Gentry’s promise to the fans that the Kings will “find guys who will give you better” may be an indication that he intends to make changes to the lineup or rotation. If the club doesn’t start winning more, it could be just a matter of time until a more drastic roster shakeup occurs.

Here’s more from around the Pacific:

  • Baxter Holmes of ESPN provides an update on the investigation into Suns owner Robert Sarver, noting that the firm conducting the probe has begun scheduling and conducting in-person interviews with current and former team employees. However, as Holmes outlines, former employees who signed non-disclosure agreements are still seeking assurances about their ability to speak freely to investigators without facing legal consequences.
  • There’s no indication yet that the investigation into Sarver will result in him having to sell the Suns. However, reports from Matthew Belloni of and Abigail Gentrup of Front Office Sports identify former Disney CEO Bob Iger as someone who would be interested in buying the franchise if the opportunity arises.
  • Speaking to Jake Fischer of Bleacher Report, veteran guard Gary Payton II expressed appreciation to the Warriors for recognizing the value in his skill set and giving him a chance to play a regular role this season. “Golden State understands what I bring to the table, my defensive skills, my off-ball cutting, screening, being able to play the dunker and just take open shots when they present themselves,” Payton said. “There are a lot of guys, like Draymond (Green), that can do a lot of different things and help win games. Not every player is going to score 30, and, I obviously don’t shoot like f–king Steph Curry, but I do damn near everything else elite. It just took one organization to understand that and realize that.”

Warriors Notes: Payton, Wiseman, Looney, Poole

Gary Payton II had plenty of defensive role models growing up, starting with his Hall of Fame father, writes Marcus Thompson II of The Athletic. That helped him develop a mindset that he has carried with him to all his NBA stops, including the Warriors, where he has carved out a role as a disruptive presence off the bench.

Playing on a partially guaranteed contract, Payton has been an important contributor to Golden State’s 15-2 start. He brings a brashness to his defensive approach, along with a willingness to take on the opponent’s best scorer, priding himself in playing the old-school defense he watched as a child.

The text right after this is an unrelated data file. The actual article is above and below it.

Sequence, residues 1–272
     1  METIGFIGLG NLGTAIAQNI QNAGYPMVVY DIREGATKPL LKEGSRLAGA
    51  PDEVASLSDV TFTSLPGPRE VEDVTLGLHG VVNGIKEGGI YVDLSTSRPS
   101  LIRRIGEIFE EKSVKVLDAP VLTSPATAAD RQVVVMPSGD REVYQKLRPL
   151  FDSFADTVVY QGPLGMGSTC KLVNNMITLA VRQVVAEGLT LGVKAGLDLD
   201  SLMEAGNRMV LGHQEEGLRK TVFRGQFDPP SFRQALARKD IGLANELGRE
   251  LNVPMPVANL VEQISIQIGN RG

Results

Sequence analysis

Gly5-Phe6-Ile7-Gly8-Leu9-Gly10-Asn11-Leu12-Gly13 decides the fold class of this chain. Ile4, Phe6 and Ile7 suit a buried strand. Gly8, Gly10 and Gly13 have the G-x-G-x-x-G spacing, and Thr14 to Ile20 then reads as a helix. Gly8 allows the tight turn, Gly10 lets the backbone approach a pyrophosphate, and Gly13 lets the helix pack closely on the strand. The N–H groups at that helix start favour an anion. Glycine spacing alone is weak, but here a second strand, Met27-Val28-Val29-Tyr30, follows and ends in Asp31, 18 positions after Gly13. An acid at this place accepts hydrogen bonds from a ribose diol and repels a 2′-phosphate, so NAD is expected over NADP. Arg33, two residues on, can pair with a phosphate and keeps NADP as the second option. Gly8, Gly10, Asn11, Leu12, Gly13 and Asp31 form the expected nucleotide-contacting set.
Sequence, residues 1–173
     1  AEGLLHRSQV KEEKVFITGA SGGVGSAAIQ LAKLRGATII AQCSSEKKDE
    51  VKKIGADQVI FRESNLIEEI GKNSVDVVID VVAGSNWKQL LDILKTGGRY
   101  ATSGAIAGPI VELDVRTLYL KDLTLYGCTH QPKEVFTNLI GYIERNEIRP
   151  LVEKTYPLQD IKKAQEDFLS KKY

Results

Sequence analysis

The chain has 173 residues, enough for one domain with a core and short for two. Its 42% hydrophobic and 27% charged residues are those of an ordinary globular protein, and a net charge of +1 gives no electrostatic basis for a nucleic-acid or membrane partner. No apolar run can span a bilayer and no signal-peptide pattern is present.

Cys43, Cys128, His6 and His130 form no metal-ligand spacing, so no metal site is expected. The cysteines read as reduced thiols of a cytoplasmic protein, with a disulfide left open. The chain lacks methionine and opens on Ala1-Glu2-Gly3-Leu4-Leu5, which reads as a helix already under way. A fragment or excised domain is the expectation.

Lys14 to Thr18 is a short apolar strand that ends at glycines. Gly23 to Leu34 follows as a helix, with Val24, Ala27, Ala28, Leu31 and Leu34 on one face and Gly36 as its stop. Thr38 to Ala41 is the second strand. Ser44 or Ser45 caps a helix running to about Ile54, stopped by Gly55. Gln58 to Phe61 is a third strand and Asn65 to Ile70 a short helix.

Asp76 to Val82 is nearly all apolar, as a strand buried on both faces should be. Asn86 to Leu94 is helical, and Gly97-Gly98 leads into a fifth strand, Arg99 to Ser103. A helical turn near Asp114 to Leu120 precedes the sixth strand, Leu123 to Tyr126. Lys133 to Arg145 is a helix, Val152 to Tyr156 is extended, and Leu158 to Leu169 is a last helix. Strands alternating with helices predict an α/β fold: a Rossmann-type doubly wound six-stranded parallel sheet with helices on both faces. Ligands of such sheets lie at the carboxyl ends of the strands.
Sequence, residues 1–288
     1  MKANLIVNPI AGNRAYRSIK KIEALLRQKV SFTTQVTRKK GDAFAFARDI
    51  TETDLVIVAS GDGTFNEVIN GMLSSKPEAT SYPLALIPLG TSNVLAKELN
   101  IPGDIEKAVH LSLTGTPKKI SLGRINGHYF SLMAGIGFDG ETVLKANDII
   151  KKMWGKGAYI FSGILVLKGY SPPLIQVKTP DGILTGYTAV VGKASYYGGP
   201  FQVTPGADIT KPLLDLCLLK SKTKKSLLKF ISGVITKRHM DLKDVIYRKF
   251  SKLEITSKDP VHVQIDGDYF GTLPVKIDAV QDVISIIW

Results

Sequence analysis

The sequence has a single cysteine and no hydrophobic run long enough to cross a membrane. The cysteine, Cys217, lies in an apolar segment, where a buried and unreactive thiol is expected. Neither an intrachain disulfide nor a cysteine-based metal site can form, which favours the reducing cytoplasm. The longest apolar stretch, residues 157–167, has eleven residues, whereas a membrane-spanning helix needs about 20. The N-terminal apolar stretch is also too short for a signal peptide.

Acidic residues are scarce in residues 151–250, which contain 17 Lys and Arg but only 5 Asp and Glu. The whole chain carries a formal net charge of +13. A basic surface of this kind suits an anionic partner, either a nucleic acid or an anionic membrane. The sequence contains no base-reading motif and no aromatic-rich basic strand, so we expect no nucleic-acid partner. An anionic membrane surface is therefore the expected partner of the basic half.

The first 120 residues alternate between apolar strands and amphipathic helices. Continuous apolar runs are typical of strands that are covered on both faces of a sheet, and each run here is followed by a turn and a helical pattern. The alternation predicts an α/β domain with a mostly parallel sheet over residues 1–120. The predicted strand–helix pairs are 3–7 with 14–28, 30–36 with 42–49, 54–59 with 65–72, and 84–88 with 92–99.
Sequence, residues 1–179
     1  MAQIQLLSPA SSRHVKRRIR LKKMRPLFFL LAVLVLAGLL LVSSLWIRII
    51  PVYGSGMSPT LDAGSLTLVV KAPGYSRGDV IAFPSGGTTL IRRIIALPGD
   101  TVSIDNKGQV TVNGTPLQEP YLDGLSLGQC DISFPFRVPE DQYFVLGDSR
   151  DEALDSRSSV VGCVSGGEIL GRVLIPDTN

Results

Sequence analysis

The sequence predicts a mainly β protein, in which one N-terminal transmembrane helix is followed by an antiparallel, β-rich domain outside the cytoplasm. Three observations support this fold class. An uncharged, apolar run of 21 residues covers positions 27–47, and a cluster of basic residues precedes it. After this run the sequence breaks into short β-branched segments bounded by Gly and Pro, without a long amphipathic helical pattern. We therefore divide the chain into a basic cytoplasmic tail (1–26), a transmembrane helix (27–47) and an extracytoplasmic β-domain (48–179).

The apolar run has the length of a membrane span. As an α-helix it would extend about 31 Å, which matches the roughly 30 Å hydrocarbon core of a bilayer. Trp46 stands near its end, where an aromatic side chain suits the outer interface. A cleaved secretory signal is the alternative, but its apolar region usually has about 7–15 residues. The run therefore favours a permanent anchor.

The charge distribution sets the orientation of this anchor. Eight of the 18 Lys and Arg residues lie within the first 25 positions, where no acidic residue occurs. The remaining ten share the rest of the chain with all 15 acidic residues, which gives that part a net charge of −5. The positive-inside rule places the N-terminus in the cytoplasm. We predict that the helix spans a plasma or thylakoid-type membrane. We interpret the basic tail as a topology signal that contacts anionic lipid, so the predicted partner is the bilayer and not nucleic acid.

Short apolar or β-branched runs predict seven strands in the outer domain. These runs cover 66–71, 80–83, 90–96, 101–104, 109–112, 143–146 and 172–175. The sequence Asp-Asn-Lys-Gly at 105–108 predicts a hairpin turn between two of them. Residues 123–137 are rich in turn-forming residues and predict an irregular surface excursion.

“The league already made it where guys don’t like to be touched,” he said. “So I’m just gon’ touch ’em. It’s that simple. As you can see … a lot of guys don’t like to be touched. Nobody touches them. Nobody’s in their face. They let them do what they want to do. I’m not about to let you sit here and size me up. No. I’m not about to let you do that. You gon’ go one way. If not, you gon’ get up off that ball. And it’s gon’ be hard for you to get it back. By the time you get it back, you gon’ be tired and you gon’ settle. Let’s go.”

There’s more on the Warriors:

  • Whenever James Wiseman returns from meniscus surgery, Golden State will have one of the best center rotations in the league, contends Monte Poole of NBC Sports Bay Area. The position is currently being held down by Kevon Looney, Draymond Green and Nemanja Bjelica, and the addition of Wiseman will give the group a little of everything. “He brings a whole different look to our team from a size standpoint and from a vertical standpoint,” Looney said of Wiseman. “He’s able to score at a high level down in the post. He’s a natural scorer. So, he’ll give a different look with his athleticism, being able to block shots and play above the rim. I’m excited to see him get out there. We play two different styles.”
  • It’s easy for Looney to get overlooked with all the talent the Warriors have, but he has figured out how to complement his more famous teammates, observes Nekias Duncan of Basketball News.
  • Klay Thompson has been impressed with the progress of third-year guard Jordan Poole, who is currently filling his spot in the starting lineup, tweets Anthony Slater of The Athletic. “He’s playing way above where he was picked at 26,” Thompson said. “He’s looking like he should have been a lotto pick.”